Musharraf on Tuesday received the decree, in which he was declared a Pakistani citizen ineligible for contesting elections.
" The former dictator had ordered senior judges and their families be put under house arrest and twice abrogated the country ' s constitution, " said court Chief Justice Dost Mohammad Khan while reading out the ruling.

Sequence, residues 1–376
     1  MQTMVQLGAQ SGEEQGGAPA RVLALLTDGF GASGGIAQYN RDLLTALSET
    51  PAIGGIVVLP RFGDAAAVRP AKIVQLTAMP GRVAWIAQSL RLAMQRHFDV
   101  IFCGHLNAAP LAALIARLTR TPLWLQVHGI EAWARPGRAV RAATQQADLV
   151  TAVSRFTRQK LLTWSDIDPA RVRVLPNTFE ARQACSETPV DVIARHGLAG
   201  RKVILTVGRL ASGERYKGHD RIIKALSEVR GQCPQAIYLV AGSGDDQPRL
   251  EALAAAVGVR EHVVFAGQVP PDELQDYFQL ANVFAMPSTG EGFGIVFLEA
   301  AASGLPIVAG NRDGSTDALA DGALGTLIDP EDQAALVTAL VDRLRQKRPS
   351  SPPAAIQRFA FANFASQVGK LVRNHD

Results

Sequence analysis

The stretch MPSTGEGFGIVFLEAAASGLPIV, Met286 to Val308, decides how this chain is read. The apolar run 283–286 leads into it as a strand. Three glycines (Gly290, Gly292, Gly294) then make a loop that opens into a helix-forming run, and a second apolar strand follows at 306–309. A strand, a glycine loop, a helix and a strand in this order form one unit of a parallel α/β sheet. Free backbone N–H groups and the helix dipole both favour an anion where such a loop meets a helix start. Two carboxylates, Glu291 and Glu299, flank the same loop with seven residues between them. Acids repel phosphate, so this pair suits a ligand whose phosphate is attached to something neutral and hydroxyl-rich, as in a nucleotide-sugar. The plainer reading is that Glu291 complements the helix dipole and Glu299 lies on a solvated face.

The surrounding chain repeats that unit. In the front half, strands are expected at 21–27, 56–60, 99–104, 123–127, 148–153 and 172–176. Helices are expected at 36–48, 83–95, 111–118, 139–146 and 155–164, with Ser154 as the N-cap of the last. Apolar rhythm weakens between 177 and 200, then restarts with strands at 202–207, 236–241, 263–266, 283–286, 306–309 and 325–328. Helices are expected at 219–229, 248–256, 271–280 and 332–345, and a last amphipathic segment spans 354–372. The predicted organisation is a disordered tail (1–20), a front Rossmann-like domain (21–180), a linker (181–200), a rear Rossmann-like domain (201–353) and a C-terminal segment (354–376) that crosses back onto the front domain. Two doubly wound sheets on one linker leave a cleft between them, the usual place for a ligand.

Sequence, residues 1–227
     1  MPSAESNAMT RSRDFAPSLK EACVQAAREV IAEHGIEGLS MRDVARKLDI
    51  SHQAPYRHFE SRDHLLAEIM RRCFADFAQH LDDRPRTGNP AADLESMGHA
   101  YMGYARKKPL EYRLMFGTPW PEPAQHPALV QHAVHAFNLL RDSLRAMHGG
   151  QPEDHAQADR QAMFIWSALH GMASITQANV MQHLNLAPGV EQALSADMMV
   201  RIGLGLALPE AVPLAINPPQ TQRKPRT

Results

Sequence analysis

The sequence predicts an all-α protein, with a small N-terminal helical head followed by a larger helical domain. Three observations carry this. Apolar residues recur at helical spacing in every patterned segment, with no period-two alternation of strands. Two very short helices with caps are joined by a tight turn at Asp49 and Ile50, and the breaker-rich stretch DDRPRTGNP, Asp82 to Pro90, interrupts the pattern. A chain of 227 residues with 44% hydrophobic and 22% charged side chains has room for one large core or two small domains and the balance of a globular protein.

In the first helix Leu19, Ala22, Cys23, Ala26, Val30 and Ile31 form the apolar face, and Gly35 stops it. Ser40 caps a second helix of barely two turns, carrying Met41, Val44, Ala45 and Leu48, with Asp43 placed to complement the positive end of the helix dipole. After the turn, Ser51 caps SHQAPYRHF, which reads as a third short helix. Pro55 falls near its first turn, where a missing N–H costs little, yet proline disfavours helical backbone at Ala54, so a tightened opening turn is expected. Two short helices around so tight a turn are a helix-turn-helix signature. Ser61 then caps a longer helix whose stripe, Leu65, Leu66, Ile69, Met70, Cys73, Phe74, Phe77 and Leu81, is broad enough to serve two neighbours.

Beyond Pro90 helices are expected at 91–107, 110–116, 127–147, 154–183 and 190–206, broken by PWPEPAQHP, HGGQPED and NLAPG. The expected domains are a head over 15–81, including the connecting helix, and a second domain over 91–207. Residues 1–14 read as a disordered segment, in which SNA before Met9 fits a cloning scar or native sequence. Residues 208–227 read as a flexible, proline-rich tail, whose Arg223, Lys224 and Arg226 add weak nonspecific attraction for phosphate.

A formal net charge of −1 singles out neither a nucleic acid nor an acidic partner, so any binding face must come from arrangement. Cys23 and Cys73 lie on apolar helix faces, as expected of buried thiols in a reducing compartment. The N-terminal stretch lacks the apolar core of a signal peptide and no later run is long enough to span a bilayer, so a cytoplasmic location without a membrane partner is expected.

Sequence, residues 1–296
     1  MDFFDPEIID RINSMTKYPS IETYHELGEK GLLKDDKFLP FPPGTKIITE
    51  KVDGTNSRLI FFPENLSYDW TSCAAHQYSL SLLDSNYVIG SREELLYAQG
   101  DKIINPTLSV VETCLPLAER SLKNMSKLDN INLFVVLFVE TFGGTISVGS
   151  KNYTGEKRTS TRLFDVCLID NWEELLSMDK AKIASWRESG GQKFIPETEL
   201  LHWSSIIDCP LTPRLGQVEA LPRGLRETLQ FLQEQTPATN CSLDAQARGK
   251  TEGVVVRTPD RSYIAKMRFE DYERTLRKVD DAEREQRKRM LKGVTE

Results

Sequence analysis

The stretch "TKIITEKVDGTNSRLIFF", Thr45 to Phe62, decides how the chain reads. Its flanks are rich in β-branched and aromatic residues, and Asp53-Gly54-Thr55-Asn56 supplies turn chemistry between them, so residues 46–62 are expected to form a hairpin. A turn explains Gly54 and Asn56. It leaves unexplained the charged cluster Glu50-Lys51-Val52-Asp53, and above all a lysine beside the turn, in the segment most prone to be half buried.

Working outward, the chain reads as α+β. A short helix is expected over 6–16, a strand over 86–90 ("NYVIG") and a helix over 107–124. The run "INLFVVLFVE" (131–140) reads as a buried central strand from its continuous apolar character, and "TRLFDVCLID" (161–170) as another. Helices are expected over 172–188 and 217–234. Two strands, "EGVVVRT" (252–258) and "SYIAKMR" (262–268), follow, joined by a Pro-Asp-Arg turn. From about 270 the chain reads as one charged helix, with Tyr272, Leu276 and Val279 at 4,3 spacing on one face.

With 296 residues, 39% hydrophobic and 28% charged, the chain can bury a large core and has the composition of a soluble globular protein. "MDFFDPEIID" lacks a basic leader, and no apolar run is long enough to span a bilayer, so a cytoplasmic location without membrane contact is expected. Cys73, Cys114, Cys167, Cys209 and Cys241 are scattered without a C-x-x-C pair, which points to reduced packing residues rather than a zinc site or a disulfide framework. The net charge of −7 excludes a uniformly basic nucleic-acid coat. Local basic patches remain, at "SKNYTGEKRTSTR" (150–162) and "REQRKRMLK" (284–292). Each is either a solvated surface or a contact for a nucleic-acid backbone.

After four years of self - imposed exile, Musharraf came back to run for the upcoming general elections. Since his return, however, he has faced several legal issues. On Wednesday, Pakistan ' s Army Chief General Ashfaq Kayani, said the country’s military was unhappy with the way authorities have treated Musharraf since his return from exile. " In my opinion, it is not merely retribution, but awareness and participation of the masses that can truly end this game of hide and seek between democracy and dictatorship, " he said. On Tuesday, an anti - terrorism court in the garrison city of Rawalpindi in Pakistan put Musharraf on 14 - day home arrest over ex - Prime Minister Benazir Bhutto murder in 2007. The Bhutto case is the second of three cases against Musharraf dating back to his rule from 1999 to 2008. He is also accused in a case related to the death of a Baluch leader during a 2006 military operation. Human Rights Watch has called on the Pakistani government to hold Musharraf accountable for widespread and serious human rights abuses committed when he was president. Pakistan will hold its National Assembly elections on May 11. The National Assembly has a total of 342 members, of which 272 are elected by popular vote. The last National Assembly election was held in February 2008.